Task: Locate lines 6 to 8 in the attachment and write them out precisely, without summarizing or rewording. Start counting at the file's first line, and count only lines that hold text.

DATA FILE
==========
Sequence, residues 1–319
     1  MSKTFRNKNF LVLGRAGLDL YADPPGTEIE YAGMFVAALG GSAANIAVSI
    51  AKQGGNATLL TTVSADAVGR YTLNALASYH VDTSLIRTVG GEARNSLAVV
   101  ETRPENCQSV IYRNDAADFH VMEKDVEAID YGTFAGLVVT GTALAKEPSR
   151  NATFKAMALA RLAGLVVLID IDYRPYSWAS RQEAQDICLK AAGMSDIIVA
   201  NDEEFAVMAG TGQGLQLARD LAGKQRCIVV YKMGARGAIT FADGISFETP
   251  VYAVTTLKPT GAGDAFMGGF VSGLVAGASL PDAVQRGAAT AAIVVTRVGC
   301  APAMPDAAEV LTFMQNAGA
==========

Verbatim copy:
   201  NDEEFAVMAG TGQGLQLARD LAGKQRCIVV YKMGARGAIT FADGISFETP
   251  VYAVTTLKPT GAGDAFMGGF VSGLVAGASL PDAVQRGAAT AAIVVTRVGC
   301  APAMPDAAEV LTFMQNAGA